Two of McCain's allies, Senators Lindsey Graham (R-South Carolina) and Joe Lieberman (I- Connecticut), joined him in denouncing the high court's decision. As a practical matter, the ruling amounts to "three strikes and you're out," to use a baseball analogy, as this was the third time that the high court -- with Justice Anthony Kennedy casting the pivotal fifth vote and writing the majority opinion -- has declared Bush's system of dealing with the Guantanamo detainees unconstitutional.

Graham Calls for Amendment to Reverse High Court's Ruling

Graham, a close adviser to McCain on military and justice issues, said Thursday the Constitution might need to be amended to override the justices' decision. ruling. McCain did not rule out that option, but said there are other avenues available, including drafting a new law to limit detainees' access to federal courts.

Graham is living in a dream world if he thinks such an amendment will pass. First of all, it takes a two-thirds majority in both houses of Congress to pass a constitutional amendment, then it has to be ratified by a three-quarters majority of the 50 state legislatures. Given the current political makeup of Congress -- and the fact that it's an election year -- the amendment hasn't got a snowball's chance in hell of passage.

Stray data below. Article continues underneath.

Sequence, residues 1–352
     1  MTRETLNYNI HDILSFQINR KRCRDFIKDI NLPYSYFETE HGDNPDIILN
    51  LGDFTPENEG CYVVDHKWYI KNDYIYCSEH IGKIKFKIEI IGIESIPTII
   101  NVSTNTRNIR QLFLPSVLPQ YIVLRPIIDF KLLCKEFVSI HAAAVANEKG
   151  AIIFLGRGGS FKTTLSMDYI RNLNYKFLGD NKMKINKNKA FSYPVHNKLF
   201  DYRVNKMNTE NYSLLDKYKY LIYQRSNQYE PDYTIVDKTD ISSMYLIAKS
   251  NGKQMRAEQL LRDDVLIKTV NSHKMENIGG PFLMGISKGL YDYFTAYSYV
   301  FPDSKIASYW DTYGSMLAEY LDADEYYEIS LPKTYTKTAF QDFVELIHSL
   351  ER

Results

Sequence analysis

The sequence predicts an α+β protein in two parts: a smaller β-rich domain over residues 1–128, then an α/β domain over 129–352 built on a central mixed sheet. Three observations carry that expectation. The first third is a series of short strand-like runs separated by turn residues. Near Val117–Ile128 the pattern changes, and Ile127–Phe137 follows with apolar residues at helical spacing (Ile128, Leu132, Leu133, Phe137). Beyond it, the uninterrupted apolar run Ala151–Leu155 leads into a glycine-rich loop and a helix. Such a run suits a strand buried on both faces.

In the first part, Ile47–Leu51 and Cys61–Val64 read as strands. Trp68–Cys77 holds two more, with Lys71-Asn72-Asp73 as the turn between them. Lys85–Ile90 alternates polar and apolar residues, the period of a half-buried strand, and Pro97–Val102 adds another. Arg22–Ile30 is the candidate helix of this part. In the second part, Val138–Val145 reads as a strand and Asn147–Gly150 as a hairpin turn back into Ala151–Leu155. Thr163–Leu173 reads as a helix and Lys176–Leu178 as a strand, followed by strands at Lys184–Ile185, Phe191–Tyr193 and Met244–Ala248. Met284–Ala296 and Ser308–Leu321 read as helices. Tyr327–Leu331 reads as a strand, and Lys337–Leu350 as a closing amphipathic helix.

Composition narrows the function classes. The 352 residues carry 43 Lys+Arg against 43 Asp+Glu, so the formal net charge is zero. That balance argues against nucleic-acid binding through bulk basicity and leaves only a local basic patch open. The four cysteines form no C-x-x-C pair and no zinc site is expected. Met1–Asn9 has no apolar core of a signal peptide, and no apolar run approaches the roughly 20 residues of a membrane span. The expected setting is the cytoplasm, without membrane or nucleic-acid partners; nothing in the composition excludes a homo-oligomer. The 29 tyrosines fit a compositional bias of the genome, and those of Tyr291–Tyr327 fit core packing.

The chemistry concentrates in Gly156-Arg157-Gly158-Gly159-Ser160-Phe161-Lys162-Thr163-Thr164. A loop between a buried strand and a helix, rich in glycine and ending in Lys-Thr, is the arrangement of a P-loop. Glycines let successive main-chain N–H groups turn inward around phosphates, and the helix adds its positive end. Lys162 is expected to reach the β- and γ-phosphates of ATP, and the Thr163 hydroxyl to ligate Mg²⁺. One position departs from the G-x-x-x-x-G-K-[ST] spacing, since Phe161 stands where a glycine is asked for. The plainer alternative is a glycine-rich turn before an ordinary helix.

As for legislation to restrict detainees' access to federal courts, that approach has been tried twice before -- only to be declared unconstitutional by the Supreme Court, on the grounds of both the Fourteenth Amendment's guarantee of due process and the separation of powers between the executive, legislative and judicial branches of government.

That Bush has demonstrated a callous disregard for the Constitution in carrying out its war on terror is bad enough. That McCain is marching in lockstep with him is disgraceful and unbecoming of a United States senator who claims to desire to do things differently from Bush.

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REMEMBERING TIM RUSSERT -- A JOURNALIST OF THE OLD SCHOOL